This is one of those posts where I'm mostly writing this so I can remember how to do it in the future. But maybe it will help someone else, too. I'm not a Unix sysadmin, by any means, but here is what I did to get, compile, and install Ruby on a RHEL 4 system at work. I realized later that I could have found and installed an RPM, but after I started down this path, I wanted to finish it.

First of all, this may seem backwards, but I set these environment variables first. This is because I messed up the first time I tried to install Ruby, so these were left hanging around.

export RUBYLIB=/opt/ruby/lib:/usr/lib/site_ruby
export PATH=$PATH:/opt/ruby:/opt/ruby/bin

Next I downloaded the Ruby source code:

wget ftp://ftp.ruby-lang.org/pub/ruby/ruby-1.8.6.tar.gz

I unarchived it:

tar -zxvf ruby-1.8.6.tar.gz

I made a symbolic link which will match the paths in the RUBYLIB and PATH environment variables I set up previously. Also, it's just a lot easier to type /opt/ruby instead of /opt/ruby-1.8.6-p287:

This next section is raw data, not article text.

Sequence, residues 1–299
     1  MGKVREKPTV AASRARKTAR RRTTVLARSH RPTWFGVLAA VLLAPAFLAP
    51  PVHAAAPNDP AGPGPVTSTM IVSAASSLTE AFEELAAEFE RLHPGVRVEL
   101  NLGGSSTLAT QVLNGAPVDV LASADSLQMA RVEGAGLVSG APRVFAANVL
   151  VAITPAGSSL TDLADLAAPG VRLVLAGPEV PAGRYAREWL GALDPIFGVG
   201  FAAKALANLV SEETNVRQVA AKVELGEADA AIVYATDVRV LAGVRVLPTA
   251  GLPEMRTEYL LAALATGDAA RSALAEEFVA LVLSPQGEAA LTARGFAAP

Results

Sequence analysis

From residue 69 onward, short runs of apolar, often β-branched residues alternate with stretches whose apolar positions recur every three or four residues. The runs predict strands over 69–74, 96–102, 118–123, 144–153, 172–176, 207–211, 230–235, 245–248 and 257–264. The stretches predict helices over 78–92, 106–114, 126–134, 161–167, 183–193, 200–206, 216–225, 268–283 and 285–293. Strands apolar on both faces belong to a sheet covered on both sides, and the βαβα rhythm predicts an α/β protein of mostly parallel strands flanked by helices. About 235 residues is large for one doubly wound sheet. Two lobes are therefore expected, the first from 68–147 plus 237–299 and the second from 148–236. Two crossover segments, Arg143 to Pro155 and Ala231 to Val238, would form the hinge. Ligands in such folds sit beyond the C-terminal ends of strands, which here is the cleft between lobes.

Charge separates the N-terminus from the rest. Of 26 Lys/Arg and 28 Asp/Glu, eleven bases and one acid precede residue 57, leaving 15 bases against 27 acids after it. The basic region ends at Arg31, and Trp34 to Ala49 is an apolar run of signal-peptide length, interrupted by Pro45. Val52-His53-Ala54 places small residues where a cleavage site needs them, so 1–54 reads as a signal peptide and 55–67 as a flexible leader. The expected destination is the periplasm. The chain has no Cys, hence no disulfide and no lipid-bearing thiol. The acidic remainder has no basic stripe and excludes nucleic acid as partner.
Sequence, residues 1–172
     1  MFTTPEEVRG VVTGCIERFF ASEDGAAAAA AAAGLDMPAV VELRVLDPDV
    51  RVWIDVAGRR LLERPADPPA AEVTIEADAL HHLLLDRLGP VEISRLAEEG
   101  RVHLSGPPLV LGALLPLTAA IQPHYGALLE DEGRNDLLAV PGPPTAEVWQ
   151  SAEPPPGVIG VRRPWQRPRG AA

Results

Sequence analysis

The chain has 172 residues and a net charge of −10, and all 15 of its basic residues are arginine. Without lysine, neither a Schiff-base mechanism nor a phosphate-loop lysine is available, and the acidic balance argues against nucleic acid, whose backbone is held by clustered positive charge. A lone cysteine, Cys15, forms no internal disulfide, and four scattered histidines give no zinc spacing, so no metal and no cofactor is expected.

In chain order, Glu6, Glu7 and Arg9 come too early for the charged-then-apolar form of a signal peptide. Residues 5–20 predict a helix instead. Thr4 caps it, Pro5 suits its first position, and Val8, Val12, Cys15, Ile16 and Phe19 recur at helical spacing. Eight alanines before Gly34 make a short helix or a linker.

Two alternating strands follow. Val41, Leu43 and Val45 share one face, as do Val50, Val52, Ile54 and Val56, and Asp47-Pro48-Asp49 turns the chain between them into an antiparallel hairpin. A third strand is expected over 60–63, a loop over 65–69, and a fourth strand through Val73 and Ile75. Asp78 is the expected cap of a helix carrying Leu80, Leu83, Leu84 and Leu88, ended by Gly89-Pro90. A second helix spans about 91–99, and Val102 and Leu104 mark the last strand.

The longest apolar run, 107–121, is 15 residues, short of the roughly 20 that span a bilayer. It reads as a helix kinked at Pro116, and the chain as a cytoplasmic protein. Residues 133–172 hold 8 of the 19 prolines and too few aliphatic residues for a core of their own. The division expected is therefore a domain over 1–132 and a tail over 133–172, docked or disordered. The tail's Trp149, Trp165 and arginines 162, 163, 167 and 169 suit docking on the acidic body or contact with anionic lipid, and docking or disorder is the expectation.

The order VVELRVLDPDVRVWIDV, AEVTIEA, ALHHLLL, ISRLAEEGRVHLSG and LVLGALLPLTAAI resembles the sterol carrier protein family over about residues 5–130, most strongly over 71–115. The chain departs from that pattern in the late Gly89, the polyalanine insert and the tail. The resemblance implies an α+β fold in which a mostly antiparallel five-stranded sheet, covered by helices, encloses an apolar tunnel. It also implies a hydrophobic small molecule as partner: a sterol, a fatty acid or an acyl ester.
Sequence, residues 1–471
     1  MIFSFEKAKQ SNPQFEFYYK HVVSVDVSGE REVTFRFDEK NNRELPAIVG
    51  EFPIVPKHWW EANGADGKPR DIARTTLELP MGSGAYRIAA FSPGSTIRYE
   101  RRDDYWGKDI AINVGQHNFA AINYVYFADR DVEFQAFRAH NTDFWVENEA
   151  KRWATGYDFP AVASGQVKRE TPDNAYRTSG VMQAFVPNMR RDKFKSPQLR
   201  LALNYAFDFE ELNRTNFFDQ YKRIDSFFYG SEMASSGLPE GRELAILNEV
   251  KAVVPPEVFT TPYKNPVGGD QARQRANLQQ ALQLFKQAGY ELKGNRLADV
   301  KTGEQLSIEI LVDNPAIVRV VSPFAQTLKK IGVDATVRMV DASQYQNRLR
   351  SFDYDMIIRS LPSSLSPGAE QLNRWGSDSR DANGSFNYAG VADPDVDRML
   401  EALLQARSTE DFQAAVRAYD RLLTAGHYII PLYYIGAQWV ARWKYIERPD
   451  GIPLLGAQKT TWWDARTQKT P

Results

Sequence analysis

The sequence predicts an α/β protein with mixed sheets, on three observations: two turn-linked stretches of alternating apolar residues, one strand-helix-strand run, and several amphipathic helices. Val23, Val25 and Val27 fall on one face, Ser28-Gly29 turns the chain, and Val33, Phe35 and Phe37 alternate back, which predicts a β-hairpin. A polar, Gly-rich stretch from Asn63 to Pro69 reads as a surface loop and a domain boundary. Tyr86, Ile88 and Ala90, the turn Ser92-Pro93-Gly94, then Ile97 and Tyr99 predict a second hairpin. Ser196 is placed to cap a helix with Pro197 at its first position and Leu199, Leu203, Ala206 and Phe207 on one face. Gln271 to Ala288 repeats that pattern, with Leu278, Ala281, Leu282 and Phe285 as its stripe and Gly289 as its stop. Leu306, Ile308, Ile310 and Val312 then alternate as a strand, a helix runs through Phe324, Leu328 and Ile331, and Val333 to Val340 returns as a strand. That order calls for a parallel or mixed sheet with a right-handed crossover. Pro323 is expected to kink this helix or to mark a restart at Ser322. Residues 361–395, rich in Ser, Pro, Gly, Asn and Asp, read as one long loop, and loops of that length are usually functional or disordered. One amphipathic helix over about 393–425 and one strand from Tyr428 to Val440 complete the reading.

ln -s ruby-1.8.6-p287 ruby

Now, we build and install:

cd ruby
make install

I next installed RubyGems. First we download the archive and unpack:

wget http://rubyforge.org/frs/download.php/43985/rubygems-1.3.0.tgz
tar -zxvf rubygems-1.3.0.tgz

Then we run the setup:

cd rubygems-1.3.0
ruby setup.rb

And that is it!

05 October 2008

A fun Sunday at home

D and BabyBoy chill out this afternoon and watch the Phillies beat the Brewers.

BabyBoy later in the evening, just before bath time.

04 October 2008

Cinnamon rolls

D is on a roll....making home made cinnamon rolls this morning!


And BabyBoy is all grins after eating his cereal for breakfast.

03 October 2008

Pizza night

D made pizza from scratch for dinner.


01 October 2008

How to print to PDF on Windows for free

One of the nice things that Mac OS X has out of the box is support for PDF. You can easily print to PDF without any other software. Unfortunately, with Windows, that is not the case. There are commercial products available that allow you to print to PDF. But there is another way, a free way to do it. I set this up on my computer at work using the following tutorial: Creating a free PDFWriter using Ghostscript. The only thing that I did differently was to download and use HP's Universal Print Driver.